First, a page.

A cosmetic topical brightener serum combined with a dual antioxidant system show promise in treating moderate to severe hyperpigmentation in skin of color patients.
A combination treatment regimen that includes a cosmetic brightener, dual antioxidant system, facial cleanser, sunscreen, and moisturizer could provide a new solution for moderate to severe facial hyperpigmentation disorders in skin of color patients, according to a poster presented at the Skin of Color Update 2021, held virtually September 10-12.1
“Hyperpigmentation disorders disproportionately affect individuals with skin of color,” wrote the authors. “These conditions are challenging to treat in patients with skin of color, and these disorders are often recalcitrant or relapsing and require continuous treatment.”
That poses an ongoing problem, they wrote. “The gold standard therapies containing hydroquinone (HQ) cannot be used for extended periods because of adverse effects [AEs],” they added. “Cosmetic topical therapies are in demand, but current options lack efficacy.”
In their view, “comprehensive treatment regimens are needed to adequately address hyperpigmentation.” The aim of their research was to evaluate the safety and efficacy of a comprehensive regimen that would include agents “that reduce melanogenesis or neutralize extrinsic stressors” when used together; a comprehensive HQ-free retinol-free cosmetic topical brightener (Lytera 2.0 (LYT2), SkinMedica) and a dual serum that provided antioxidant protection and skin repair support (Lumivive System (LVS), SkinMedica).
Study Shows Positive Changes at Week 4
All of the patients enrolled in the open-label, single center study (n=13) were Asian (38.5%), Hispanic/Other (38.5%) or African American (23.0%). To be eligible to participate, individuals had to have been investigator-assessed as having moderate to severe overall facial hyperpigmentation which was defined as a score of 4-9 on the modified Griffiths scale, according to the authors. Women could not be pregnant or nursing.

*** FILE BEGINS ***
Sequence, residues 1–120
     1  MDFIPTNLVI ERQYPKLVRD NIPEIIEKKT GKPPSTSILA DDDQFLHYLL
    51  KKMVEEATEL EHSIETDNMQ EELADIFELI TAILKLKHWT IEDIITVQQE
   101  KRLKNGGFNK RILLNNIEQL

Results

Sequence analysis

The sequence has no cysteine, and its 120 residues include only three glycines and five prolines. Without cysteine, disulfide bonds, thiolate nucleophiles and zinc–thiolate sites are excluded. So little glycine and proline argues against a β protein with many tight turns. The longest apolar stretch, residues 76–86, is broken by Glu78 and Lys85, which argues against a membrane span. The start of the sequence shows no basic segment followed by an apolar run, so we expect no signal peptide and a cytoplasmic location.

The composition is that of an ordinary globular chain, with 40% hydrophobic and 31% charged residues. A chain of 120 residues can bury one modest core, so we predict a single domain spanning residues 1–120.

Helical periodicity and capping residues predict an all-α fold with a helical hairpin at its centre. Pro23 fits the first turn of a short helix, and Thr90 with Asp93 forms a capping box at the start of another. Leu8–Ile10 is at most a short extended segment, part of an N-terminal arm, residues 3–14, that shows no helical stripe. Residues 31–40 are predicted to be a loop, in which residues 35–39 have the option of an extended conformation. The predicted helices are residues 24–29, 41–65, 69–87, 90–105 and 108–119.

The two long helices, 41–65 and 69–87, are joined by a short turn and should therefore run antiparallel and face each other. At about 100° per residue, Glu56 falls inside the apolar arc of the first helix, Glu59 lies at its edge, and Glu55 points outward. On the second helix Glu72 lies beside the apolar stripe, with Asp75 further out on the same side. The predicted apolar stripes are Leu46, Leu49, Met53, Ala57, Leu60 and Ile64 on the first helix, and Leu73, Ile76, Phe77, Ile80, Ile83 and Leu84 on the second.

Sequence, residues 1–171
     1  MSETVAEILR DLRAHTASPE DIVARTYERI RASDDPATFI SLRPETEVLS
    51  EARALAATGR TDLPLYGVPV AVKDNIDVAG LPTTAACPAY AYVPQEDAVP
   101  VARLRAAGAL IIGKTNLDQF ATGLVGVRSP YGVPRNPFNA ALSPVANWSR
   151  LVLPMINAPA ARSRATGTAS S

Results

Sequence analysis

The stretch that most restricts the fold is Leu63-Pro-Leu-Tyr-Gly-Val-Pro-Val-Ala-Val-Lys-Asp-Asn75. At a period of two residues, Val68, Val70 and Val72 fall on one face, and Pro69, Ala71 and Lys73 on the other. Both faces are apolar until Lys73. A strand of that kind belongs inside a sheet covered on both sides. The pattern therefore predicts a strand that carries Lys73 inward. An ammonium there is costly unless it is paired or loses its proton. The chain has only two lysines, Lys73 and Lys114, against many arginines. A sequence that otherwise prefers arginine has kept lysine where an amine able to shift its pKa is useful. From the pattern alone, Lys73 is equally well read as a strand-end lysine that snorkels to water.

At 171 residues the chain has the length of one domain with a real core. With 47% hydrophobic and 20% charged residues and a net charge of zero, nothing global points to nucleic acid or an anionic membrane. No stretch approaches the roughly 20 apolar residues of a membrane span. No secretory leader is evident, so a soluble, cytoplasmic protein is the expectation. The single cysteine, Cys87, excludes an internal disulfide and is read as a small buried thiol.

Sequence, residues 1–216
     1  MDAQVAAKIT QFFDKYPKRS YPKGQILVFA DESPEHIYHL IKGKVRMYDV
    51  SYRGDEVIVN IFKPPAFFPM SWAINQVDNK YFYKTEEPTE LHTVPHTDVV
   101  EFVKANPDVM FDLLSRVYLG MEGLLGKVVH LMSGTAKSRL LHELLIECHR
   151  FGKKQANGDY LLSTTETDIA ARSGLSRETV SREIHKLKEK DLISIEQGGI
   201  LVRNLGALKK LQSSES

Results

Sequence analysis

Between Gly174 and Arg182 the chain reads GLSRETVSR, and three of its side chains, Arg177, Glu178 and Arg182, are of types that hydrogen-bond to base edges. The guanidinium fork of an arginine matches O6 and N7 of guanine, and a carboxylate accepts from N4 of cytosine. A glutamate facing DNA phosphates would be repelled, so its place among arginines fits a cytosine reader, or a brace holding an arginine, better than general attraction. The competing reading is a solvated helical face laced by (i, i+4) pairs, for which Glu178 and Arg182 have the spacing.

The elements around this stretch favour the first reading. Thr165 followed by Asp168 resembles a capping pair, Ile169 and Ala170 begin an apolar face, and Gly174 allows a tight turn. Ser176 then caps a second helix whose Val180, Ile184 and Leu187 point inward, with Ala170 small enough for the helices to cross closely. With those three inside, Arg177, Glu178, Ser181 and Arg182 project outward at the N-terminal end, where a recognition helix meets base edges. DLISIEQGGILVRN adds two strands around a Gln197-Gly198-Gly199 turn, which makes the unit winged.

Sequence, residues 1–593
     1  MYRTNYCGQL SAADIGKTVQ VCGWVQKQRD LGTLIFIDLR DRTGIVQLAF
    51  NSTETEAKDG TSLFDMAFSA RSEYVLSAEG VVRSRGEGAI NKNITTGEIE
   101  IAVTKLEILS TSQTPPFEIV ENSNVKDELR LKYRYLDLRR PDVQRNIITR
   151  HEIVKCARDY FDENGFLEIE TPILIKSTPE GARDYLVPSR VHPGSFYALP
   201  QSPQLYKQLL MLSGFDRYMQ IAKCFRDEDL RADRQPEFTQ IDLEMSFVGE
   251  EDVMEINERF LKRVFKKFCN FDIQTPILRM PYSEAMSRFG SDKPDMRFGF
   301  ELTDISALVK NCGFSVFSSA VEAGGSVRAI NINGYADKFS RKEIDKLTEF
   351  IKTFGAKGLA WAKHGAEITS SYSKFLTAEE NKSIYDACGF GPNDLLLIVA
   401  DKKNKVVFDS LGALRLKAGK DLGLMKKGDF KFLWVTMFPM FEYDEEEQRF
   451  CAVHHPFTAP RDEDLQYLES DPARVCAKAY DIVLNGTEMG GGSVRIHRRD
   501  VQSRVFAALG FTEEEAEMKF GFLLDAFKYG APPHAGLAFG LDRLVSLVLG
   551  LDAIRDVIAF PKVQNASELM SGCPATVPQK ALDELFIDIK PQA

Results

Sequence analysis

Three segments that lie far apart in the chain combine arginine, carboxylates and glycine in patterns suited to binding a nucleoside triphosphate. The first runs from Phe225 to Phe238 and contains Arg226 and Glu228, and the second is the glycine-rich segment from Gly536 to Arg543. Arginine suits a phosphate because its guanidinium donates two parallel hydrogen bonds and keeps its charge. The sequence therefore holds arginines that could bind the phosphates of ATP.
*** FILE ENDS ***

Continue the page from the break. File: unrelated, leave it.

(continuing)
Of the study participants, 12 were women, and the mean age was 44 years. Data showed that 23% were Fitzpatrick Skin Type III; 39%, Type IV; 23%, Type V and 15%, Type VI. The study authors evaluated the following treatment regimen:
Standardized Digital Photography(Canfield VISIA-CR) and investigator assessments evaluated overall hyperpigmentation, skin tone evenness and radiance were assessed at study visits at baseline, week 2, week 4, week 8, and week 12.
“Significant” changes in skin-tone evenness and radiance were observed as early as week 4 and, according to the authors, continued through the end of the study. Results of those assessments showed “significant improvements” versus baselines for all parameters by week 12.
Results for self-assessed efficacy at 12 weeks revealed 100% of the 10 subjects who completed the study agreed the regimen had improved the overall appearance of their skin; improved their skin’s tone, brightness, youthful appearance, condition and feel.
One AE was reported, with 1 patient reported experiencing irritation and stinging. Symptoms resolved when the subject discontinued the treatment. This patient withdrew.
Results Reveal Positive Outcomes
Study results show that the LYT2+LVS regimen was well tolerated, generated high patient-perceived efficacy and overall satisfaction. The regimen may be a good choice for patients with skin of color who want to improve hyperpigmentation and skin quality.
Desai SR; Manry S; Makino E; Mehta R. The efficacy and tolerability of a comprehensive brightening serum plus a dual antioxidant system in skin of color patients with moderate to severe hyperpigmentation. Poster presented at: Skin of Color Update 2021; September 10-12, 2021. Virtual.